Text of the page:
• While each theory has its contributions to the study of leadership, I find that neither seem to encompass the main idea behind leaders and leadership. The Path-goal model came close, but it lacked addressing what to do with employees that truly hinder the work environment. None of the theories say outright that a type R3 individual should be terminated. However, the truth is there are so many people in the world looking for work, that if someone on the team does not want to do the job expected of them, they can easily be replaced. I think all three of these theories have their place, but much like other theories revolving around business, I don’t find it necessary to define any of these as theories. I would say these are more recognitions of systems that have been employed on the way to absolute business understanding. They are results of tried and tested techniques employers have used to get the most out of their employee. However, there are times, when a leader needs to adjust his situation by terminating a few individuals and starting with a fresh approach. Equally, there are times when a willingness to learn meets an inability to comply. These people who show the motivation should be encourage appropriately. I think the path-goal model approaches that, but it leaves things too open to perception. It entails that a leader know too much about his employee. Sometimes this is possible, but sometimes it is not. At the times where a leader doesn’t realize that he is talking to someone with a complete understanding for the task at hand, unless the employee says that they understand, this may be viewed as insulting. However, it’s not intentional. Communication is a big factor in that theory that could be misconstrued.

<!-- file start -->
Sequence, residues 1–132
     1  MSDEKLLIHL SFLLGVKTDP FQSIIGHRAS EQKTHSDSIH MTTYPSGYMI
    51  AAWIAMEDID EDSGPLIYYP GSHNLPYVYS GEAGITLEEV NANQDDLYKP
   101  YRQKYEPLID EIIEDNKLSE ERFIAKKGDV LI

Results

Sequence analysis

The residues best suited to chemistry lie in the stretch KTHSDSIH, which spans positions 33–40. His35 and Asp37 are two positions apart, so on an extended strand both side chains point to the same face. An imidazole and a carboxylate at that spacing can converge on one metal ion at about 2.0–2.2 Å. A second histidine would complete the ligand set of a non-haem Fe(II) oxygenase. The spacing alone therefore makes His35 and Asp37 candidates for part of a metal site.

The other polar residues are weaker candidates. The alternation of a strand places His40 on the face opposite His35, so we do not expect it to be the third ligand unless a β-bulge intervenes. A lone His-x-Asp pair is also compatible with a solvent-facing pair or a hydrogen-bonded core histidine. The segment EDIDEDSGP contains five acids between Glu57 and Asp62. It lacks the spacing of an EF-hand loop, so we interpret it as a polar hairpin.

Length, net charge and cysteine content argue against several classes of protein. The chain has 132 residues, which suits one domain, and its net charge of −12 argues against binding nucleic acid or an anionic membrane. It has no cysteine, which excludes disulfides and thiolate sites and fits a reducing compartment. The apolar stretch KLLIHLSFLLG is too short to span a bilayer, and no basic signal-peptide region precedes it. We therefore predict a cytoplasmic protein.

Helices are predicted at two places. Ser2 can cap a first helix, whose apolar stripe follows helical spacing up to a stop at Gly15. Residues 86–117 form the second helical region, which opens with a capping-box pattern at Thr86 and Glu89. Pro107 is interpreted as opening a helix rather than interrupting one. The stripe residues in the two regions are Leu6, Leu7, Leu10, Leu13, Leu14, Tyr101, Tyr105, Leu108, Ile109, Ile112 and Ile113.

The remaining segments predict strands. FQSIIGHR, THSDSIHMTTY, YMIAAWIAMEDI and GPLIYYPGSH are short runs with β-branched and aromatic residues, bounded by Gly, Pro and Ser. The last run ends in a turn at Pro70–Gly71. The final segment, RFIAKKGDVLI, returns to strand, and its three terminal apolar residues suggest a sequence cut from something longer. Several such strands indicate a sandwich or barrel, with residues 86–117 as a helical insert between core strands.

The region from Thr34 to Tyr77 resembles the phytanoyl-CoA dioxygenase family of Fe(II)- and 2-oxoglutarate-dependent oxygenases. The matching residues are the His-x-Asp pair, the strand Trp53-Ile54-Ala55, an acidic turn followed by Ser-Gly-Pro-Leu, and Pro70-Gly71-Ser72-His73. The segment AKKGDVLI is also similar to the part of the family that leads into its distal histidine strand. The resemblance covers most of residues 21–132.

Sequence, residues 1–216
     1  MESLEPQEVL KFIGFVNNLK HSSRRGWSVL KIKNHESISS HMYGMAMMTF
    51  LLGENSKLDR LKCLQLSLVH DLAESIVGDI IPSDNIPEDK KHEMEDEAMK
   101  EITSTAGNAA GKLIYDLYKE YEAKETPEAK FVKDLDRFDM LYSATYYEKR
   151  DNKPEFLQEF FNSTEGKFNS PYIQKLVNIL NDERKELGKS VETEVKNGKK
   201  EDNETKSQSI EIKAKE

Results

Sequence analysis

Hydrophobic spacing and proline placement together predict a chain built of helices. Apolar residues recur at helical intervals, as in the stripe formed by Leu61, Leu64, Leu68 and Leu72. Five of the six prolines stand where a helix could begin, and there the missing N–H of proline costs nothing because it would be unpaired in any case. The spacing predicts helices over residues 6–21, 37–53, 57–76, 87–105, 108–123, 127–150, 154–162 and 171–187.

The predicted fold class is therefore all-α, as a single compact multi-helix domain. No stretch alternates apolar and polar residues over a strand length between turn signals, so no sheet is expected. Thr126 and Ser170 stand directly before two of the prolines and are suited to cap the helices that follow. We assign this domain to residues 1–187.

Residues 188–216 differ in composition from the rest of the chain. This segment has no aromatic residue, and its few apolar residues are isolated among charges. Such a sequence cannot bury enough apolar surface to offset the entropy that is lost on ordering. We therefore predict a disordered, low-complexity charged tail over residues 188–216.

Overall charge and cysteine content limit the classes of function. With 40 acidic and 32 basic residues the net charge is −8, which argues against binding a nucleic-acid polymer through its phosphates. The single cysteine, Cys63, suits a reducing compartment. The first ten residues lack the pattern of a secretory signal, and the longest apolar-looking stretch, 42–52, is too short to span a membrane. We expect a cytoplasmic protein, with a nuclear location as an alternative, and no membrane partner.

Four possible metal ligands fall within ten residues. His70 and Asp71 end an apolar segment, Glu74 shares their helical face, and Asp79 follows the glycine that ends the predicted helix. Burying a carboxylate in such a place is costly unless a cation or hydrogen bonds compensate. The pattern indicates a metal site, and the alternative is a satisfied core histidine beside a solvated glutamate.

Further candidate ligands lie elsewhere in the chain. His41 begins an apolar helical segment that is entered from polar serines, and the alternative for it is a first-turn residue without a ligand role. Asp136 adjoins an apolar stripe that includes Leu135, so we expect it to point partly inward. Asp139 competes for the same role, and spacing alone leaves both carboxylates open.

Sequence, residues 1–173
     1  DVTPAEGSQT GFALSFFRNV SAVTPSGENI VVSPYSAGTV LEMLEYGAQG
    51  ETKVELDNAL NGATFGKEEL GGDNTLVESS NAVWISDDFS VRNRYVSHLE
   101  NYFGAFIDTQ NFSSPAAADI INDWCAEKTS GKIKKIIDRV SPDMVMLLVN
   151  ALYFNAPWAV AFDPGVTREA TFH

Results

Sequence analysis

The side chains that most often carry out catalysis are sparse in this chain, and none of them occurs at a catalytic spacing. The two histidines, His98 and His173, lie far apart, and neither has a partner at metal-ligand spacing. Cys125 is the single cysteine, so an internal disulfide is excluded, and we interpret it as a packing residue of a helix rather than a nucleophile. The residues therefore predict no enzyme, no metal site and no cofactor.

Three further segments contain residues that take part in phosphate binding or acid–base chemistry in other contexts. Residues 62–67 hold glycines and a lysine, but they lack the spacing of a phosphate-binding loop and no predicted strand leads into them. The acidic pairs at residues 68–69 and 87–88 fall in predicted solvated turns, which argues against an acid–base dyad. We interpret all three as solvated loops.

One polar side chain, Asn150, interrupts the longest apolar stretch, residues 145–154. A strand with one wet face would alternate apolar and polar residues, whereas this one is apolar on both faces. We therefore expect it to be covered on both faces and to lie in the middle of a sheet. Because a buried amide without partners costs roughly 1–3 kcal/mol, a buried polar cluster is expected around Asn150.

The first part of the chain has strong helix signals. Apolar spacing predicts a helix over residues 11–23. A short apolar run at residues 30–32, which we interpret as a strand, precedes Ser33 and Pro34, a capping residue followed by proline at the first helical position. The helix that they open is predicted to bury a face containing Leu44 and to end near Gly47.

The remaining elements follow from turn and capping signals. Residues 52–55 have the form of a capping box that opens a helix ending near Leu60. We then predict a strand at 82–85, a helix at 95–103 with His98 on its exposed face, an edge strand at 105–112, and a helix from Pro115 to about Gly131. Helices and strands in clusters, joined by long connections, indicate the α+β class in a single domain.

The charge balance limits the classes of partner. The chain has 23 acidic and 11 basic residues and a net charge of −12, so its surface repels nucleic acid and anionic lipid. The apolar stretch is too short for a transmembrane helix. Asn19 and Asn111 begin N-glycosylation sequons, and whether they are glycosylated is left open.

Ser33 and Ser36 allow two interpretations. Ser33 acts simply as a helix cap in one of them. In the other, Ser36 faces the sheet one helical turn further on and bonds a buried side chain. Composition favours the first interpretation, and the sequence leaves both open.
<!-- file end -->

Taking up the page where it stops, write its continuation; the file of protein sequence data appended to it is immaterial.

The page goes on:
• My leadership style is a reflection of old views and new. I believe that a leader must show determination and drive. The leader must have a will to succeed in everything they do. They must show great energy and creativity. The leader should possess innovative ideas that encourage the team to follow despite all obstacles. A leader should not encourage weakness, and should not stand for weakness. However, the leader should be capable of leading by example. That which a leader cannot do for themselves cannot be asked of their followers. As a leader, appearance and mannerisms are important. I would demonstrate a clean, sophisticated and well-groomed appearance. At all times, I shall maintain a professional and well-mannered demeanor, however, never allowing for emotion to stand between myself and a goal. I expect others to have the same drive or desire to achieve. Thus, it is important that my team feel adequately challenged. I am a leader that supports the growth of individuals, but most of all, I am a leader of adaptability. In knowing how to adapt to any situation, I can be sure that my judgments and decisions will always be guided and influenced by the right means.

Mergenthaler mgm260 1101b-02 Mergenthaler mgm260 1101b-02 Presentation Transcript

  • MGM260-1101b-02 Fundamentals of Management Sabrina Mergenthaler Phase 3 Individual Project Professor Meisha Brown March 11,2011
  • What is Leadership? Leadership the process of influencing others to achieve certain goals (Leadership, 2006) QUALITIES OF A LEADER Someone who can influence others Styles of Leadership •Drive •Desire to Lead •Honesty and Integrity•Autocratic •Self-confidence •Dictator •Intelligence •Sole decision maker •Job relevant knowledge •Limited employee involvement •Extraversion•Democratic- •Requests employee participation (Robbins & Coulter 2009) •Accepts and utilizes feedback Be Adaptive! •Delegates work•Laissez-faire- •Focuses on group processes and decision making •Allows employees to work at their own pace with little intervention (Robbins & Coulter 2009)